The following are the components for a foundational SEO audit you can consider performing regularly with your own crawler tool. We’ve also included the seoClarity method in this overview.
Task 1: Sitemap Check
There are two ways I would suggest checking your existing sitemap for errors.
The first way, and the way that best fits our 15-minute time frame is to check the Google Search Console data to find all of the errors that Google came across in your sitemap.
Take that data and provide it to your dev team to fix those issues, and—voilà!— you have successfully checked your sitemap for errors and taken action to address them.
Another approach that is helpful in identifying core issues is to start with an XML sitemap crawl (noting that the crawl itself may take longer than 15 minutes on an enterprise-level site).
Once completed, (and this next part moves quickly) export the list of all URLs along with their status code. Utilize our Research Grid to export a list of all currently ranking pages.
Create a simple Vlookup to check the pages that are within the XML sitemap but not ranking (see below).
Also create the same VLOOKUP to see which pages are ranking but not contained in your XML sitemap.
This analysis will quickly allow you to isolate any problems you have with your site including pages that should be removed from your XML sitemaps (404-status) and pages that are missing and should be included (200-status) in your XML sitemaps.
You will identify pages that are 301-redirecting that are still appearing in search results and create a strategy to crawl those pages.
Pages that have canonical tags and/or should have canonical tags will be identified. Duplicate content can also be identified this way.
Issues with content too deep in the site that need internal links are identified if they are contained in the XML sitemap (200-status) but not appearing in search results.
You can quickly review your sitemap and make sure that it is up-to-date and accurate. If you are using ClarityBot, you can then submit the URLs (200-status) to identify any additional issues.
Task 2: Check Your Robots.txt File
The above workflow can also be used to make any necessary edits to your robots.txt files.
If you see pages contained in search results that you do not want to appear in search results at all, you can add these as lines to your robots.txt file.
For example, if a page is a /accounts page or erroneous parameter that is ranking and you don't want that page to rank, then disallow that page through robots.txt or add a no-index tag.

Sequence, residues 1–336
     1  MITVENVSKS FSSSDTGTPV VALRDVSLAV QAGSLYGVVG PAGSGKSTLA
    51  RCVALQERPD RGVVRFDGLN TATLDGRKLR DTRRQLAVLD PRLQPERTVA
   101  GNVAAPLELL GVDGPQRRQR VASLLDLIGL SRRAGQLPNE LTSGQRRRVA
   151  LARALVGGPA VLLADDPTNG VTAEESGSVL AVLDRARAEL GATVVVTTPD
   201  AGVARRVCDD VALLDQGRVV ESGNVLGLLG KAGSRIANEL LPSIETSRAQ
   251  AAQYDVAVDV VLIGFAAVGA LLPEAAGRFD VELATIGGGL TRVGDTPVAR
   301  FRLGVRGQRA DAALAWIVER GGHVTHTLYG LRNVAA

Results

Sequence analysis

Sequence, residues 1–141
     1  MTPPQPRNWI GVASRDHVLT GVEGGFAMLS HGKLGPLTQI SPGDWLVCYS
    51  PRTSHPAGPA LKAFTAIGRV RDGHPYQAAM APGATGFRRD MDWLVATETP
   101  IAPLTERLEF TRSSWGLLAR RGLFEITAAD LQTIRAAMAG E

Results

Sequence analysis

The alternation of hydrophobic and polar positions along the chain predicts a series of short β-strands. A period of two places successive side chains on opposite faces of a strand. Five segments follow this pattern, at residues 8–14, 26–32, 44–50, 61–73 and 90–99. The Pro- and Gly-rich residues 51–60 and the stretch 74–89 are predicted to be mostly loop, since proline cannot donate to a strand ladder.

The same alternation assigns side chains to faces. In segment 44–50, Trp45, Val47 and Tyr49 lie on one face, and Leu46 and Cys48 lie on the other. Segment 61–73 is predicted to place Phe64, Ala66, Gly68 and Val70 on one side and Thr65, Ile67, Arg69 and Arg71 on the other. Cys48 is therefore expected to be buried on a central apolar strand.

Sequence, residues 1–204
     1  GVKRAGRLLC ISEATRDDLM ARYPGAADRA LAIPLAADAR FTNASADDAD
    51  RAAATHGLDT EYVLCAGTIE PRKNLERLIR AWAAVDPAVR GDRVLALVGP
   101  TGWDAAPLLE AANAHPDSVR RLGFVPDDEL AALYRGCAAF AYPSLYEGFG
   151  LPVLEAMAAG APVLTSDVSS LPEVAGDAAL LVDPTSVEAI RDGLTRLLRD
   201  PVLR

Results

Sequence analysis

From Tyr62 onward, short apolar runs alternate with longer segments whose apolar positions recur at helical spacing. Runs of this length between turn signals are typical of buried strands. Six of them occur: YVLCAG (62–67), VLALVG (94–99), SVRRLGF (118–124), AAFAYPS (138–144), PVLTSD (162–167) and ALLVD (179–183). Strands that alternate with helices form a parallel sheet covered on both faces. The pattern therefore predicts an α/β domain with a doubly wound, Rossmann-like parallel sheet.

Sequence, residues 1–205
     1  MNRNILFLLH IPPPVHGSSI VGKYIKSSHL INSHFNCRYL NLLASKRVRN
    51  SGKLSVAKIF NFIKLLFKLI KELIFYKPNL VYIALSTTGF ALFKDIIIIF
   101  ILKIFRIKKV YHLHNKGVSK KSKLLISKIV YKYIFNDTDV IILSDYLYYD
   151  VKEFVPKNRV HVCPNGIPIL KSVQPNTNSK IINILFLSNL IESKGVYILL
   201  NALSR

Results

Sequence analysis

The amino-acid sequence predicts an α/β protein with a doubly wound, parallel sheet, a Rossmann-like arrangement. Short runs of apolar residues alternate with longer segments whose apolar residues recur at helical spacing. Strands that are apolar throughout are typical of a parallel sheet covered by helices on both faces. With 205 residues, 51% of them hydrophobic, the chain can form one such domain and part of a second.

Also, if there are pages in the XML sitemap that are not appearing in search results, you can quickly identify the file structure and check to see if those pages are being blocked. Utilize Excel’s function to sort the URL structure by columns.
If pages are being blocked, add an allow rule to enable indexing.
Task 3: Review Site Errors
Comparing the amount of indexed pages listed in Google Search Results with the amount of valid pages listed in Google Search Console can also be helpful to identify any issues. Review the amount of indexed pages against your XML sitemap and your ranking pages.
If a particular page type is not appearing in search results, utilize the Google Search Console Fetch and Render tool to see if Google has canonicalized the URL to another page.
This will let you know if you still have errors that need to be addressed.
Task 4: Check Page Speed
seoClarity provides users with a page speed report for average desktop speed and mobile speed. To be efficient, we recommend focusing on improving Mobile page speed.
Check the folder structure most affected for URLs that might be slowing down your site and quickly identify what issues are impacting performance.
For URL's download the pages affected and start working through the items listed, sharing those with your team and checking off which need to be image size compliant.
Review your page’s backend code by selecting View Source in a browser and check for “srcset=” and ‘src=” to make sure that your site is loading separate images for mobile and desktop and that they are sized to scale.
Task 5: Monitor Your Structured Data
Since Google Search Console has been adding more markup resorts to their data, this is a great place to start and see which pages have a valid markup and which pages have an error.
Get a Free Site Audit and Site Health Report
Lucky for you, all of the above is made simple with a FREE site audit and site health report from our team at seoClarity!
Our quick assessment through our unlimited crawl capabilities can recognize any issues and is custom to your whatever pace, depth, and frequency you require - giving you the power to create a technically sound and error-free site to provide your customers with the best user experience.
Once you make a request for a free site audit, a member of our team will be in contact with you for an introduction to understand your needs.
Then, they will customize and set-up a site audit and crawl your site.
Lastly, you will be provided with a site health report that addresses the current state of your site, provides a list of projects to complete, and includes recommendations for next steps based on our analytics.